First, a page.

Date of Award
Doctor of Philosophy (PhD)
This dissertation focused on the development and assessment of flexible microballoons filled elastomeric foam for shock mitigation applications. The overall goal of the research was to develop a flexible syntactic foam that has controllable bulk modulus, compressibility and shock mitigation characteristics and to validate these characteristics by experiments. Elastomer LP-2 with solid manganese dioxide and uncured BJO-093 hollow PÎ¼b were chosen for making the syntactic foam. Hand mixing and room temperature curing was used to make foams of 0 to 30% weight of filler, which amounts to 0 to 60% of volume of the filler. Analysis using gas laws and simple elasticity equations showed that the compressibility of the foam and the resulting bulk modulus vary as a function of microballoon content. Confined compression tests confirmed these results and demonstrated that the bulk modulus can be changed from 19 MPa to 9 MPa as the filler content was increased from 0 to 30% by weight. The compressive high strain rate behavior of the foam was determined using the Split Hopkinson Pressure Bar test apparatus at strain rates ranging from 3,000/s to 4,600/s. The peak strain and strain rate values remain unaffected irrespective of the amount of filler. Both peak stress and stress rise rate decreased with increased filler content. Decrease in peak stress and stress rates were as high as 50% of the base material for filler content of 20% by weight. These characteristics show the potential of this material for shock mitigation applications.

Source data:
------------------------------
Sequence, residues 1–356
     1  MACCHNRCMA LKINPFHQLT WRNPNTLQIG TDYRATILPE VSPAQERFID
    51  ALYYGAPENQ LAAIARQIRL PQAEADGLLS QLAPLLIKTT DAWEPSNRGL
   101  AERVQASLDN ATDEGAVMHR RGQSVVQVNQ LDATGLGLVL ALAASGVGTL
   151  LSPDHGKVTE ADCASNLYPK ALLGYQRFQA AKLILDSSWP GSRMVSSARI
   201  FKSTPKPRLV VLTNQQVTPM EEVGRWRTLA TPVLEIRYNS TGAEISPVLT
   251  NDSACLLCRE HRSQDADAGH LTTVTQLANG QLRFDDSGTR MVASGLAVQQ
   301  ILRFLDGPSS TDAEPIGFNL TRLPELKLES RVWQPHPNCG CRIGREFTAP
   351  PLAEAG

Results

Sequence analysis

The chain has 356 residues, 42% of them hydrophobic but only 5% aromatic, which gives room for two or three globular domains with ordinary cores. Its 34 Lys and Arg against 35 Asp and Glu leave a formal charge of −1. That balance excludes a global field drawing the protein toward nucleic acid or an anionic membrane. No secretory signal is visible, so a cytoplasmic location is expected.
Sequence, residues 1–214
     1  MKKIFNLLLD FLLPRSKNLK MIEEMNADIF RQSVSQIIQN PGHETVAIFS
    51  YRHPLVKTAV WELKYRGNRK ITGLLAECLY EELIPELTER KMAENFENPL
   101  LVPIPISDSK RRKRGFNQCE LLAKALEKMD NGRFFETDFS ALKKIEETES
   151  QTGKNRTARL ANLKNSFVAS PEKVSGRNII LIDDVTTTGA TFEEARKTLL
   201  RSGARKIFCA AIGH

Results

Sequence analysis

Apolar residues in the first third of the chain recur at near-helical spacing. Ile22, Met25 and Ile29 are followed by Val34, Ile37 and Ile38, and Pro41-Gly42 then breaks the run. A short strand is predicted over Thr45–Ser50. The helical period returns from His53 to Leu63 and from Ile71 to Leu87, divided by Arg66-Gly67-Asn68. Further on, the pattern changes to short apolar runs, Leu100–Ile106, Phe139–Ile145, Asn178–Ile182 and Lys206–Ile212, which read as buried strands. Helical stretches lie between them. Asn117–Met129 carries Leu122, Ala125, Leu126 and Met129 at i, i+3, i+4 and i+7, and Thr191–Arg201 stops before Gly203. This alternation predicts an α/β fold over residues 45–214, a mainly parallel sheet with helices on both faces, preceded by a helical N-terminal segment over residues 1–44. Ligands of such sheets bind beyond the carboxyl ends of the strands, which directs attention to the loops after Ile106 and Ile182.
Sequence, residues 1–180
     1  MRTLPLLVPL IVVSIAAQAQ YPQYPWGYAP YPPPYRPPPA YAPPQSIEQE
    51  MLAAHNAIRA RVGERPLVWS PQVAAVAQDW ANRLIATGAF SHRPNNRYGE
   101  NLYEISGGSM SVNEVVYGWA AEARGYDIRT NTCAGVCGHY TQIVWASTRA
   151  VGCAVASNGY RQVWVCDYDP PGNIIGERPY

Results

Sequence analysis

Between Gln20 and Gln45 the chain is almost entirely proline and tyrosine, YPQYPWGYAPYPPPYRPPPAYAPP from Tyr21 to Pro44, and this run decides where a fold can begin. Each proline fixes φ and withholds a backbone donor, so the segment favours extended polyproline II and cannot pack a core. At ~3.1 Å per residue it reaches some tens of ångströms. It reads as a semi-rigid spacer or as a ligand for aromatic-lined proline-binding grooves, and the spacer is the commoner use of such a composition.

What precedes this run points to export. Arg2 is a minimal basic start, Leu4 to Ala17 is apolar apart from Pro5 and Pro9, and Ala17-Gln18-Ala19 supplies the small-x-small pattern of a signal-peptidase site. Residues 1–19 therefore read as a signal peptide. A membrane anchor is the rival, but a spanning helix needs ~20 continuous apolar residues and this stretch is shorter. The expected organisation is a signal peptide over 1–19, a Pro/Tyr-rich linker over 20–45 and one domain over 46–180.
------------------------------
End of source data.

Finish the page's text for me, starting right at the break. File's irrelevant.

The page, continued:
GOWDA, JOGI C., "A Flexible Syntactic Foam For Shock Mitigation" (2011). Dissertations. 1.